Sunday, September 11, 2011

What September 11, 2001 felt like...

I remember I was on the bus going to work, even though I had a car, parking in town was an expensive bitch. There was a woman sitting next to me talking on her cell phone. I could overhear her part of the conversation and it sounded like she was talking about a movie but I couldn't remember if I saw the trailer for it. A plane crashed into the World Trade Center? Is that a new Bruce Willis flick? Then she said "You heard they got the Pentagon, right?" At this point I knew this had to be a movie. The only way the Pentagon could be attacked is if we're at war with another country. And as far as I knew no country in their right mind would do that, not even crazy ass North Korea.

Getting to my stop in Center City in Philadelphia, I stepped off  the bus and while walking to my job, I noticed everyone had an "oh shit" look on their face. It wasn't until I got to the office that I saw everyone crowded around a couple of TVs in the place. The World Trade Center Buildings were on fire. The lady on the bus wasn't talking about a movie but suddenly I felt like I was in one. Everyone stood stock still and watched as the buildings burned and the news reporters tried to make sense of what was happening. The word terrorist kept being repeated. And it was clear that it was a terror attack. The precision, the coordination all pointed to an unconventional enemy. But it was still surreal to me. That is until I picked up the phone to call home to see if my mother was watching and there was a busy signal.

I don't mean a busy signal after I dialed her number, I mean when I picked up the phone and put it to my ear there was a busy signal. The lines where so busy there wasn't even a dial tone. Now the situation was getting real to me. Soon there was a buzz in the room about what happened and what could be next. If New York got hit and DC, could this be the beginning wave of a larger coordinated attack? What other major cities are on the target list? Suddenly being in a tall building didn't feel so safe. The lines cleared enough so that I could get through to mom and my brother. Both were stunned silent as well. Mom urged me to come home and hearing the concern in her voice coupled with my growing fear, I agreed. I don't remember if our office manager ever made an official announcement, I just remember everyone moving toward the exits kind of in a zombie like fashion. Stepping outside of the building onto JFK Boulevard, I could see people looking up at the skies as if they were expecting to see another plane hit a skyscraper in our city.

My brother came to pick me up and we discussed the events and what it all meant on the way home. Later that evening, I got a call from my supervisor asking me to check on something in the office. Since I had a car and lived closer to the office than anyone else, I agreed to do it. Plus I was curious to see how the city was doing this night. The airlines were shut down and in my neighborhood it was real quiet. Which was just eerie. Center City was a ghost town. I had never seen that before. Ever. Even when I was hanging out late at night, 2, 3, 4 in the morning there was always people and vehicles on the street. Trucks and trains, buses and cabs, in a way, I always took some level of comfort in hearing the sounds of the city. That night there was no one on the streets. Nothing moved. Going into the city it seemed like I was the only person other than official authorities to even travel into town that night.  All I could see were police cars slowly criss-crossing the intersections. It was the most bizarre thing I ever witnessed. It felt like the whole country had been punched in the face and was still reeling from it. That night when I went to bed, it was the quietest most still night I ever experienced.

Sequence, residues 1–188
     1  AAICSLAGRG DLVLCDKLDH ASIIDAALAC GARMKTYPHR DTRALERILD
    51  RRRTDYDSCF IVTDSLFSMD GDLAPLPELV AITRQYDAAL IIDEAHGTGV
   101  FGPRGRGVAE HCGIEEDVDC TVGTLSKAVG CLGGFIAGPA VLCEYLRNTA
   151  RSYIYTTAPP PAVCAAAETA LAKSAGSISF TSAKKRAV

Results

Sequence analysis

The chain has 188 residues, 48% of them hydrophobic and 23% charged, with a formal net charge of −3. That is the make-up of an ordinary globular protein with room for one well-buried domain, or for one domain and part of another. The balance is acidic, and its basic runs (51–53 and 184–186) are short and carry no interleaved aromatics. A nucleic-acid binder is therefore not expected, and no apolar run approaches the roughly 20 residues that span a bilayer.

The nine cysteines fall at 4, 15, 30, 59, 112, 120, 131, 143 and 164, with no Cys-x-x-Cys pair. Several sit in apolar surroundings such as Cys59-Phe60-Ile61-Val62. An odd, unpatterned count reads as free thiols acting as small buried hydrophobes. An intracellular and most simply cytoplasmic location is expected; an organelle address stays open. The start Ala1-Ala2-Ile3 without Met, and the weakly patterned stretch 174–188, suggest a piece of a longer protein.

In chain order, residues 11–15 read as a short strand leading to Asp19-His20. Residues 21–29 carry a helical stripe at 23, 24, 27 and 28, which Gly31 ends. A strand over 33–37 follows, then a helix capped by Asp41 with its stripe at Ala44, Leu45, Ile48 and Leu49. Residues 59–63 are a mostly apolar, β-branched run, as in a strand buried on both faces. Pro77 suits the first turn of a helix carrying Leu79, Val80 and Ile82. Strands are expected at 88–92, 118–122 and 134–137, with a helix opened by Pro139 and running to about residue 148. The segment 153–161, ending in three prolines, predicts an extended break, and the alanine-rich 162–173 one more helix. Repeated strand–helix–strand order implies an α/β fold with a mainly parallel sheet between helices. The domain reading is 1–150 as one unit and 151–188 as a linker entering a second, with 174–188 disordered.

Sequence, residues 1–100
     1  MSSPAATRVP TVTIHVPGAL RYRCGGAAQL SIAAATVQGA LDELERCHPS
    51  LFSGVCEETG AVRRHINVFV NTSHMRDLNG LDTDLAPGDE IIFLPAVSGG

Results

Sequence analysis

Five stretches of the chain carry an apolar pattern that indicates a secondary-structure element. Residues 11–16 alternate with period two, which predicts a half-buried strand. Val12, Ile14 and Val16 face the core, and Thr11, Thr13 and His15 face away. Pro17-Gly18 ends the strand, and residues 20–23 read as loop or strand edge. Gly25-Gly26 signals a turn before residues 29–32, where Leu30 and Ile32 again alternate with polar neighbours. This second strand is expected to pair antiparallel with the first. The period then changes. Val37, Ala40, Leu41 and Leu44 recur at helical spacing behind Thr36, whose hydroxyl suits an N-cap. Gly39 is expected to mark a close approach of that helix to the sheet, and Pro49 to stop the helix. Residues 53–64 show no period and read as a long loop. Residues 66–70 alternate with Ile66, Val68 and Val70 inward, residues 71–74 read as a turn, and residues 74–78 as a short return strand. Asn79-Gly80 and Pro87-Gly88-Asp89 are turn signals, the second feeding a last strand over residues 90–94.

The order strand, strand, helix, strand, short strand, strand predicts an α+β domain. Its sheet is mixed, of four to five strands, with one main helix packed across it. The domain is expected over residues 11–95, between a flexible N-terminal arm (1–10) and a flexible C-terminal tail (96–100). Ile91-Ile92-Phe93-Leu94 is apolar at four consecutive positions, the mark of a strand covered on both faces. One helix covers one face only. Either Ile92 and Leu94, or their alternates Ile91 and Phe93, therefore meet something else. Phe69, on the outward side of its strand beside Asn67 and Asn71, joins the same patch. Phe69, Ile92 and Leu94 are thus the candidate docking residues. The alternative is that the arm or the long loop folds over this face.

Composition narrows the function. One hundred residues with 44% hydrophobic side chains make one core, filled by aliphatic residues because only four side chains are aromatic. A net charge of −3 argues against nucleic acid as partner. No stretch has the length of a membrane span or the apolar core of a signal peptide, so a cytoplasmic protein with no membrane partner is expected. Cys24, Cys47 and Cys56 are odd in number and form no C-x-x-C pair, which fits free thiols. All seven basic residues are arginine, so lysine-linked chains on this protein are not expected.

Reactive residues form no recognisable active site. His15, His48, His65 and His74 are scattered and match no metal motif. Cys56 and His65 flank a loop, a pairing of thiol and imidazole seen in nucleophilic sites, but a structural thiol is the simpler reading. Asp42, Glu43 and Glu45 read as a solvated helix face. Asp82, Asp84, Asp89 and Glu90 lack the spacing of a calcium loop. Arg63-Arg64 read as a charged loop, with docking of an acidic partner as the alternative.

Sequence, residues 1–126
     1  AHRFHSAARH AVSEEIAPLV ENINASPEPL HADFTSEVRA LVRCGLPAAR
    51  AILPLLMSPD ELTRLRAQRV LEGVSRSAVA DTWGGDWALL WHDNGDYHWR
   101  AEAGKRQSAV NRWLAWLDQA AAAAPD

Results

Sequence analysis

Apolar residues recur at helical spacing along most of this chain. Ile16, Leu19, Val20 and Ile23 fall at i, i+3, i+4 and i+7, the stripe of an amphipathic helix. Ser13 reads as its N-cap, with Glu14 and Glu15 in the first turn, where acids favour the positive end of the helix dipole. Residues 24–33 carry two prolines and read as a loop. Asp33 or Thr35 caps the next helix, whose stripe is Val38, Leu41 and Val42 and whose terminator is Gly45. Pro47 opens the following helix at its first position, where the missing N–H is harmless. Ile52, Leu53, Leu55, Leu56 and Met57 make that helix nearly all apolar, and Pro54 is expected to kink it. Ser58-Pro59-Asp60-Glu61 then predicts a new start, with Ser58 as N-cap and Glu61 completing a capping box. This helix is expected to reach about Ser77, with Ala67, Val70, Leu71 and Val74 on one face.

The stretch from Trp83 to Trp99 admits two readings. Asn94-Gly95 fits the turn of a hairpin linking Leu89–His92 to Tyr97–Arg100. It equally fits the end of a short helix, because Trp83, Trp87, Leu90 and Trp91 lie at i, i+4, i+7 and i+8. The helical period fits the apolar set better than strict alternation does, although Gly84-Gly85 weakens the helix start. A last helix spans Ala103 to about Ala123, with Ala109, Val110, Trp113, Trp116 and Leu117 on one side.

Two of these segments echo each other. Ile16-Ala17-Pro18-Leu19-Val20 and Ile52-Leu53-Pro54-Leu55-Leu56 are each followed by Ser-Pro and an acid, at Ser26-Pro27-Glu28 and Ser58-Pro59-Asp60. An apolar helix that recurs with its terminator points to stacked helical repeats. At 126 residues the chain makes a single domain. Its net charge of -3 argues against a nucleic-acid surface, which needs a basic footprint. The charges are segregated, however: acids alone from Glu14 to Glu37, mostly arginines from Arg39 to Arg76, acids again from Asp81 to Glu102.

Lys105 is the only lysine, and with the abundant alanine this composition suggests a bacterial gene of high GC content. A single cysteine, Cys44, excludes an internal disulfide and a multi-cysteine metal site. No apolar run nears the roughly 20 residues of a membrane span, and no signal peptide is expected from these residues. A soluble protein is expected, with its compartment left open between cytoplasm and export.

When I was a kid, I would hear my parents and grand parents talk and reminisce about the major events and defining moments of their generation. I would listen to stories about Pearl Harbor, MLK and JFK's assassinations, WW2, the Cuban Missile Crisis and it all sounded so exciting, the stuff I read about in history books they actually witnessed those moments. It seemed so cool to hear the tales. And I wondered if I would ever have a story like that. And now that I have, I finally understand what they felt and how they dealt with it and that its not cool. It was just scary and fucked up and it stayed that way for a long time after. For them and for me. I hate the idea that some people in the younger generation who are listening to our stories about 3000 people dying in such a senseless manner is exciting, like I thought when I was their age. I hate the idea that we'll romanticize that event and moment just like we did with WW2 and Pearl Harbor.

We should never forget nor embellish or allow it to be embellished to future generations what happened and how it affected us.

What did September 11, 2001 feel like to you?

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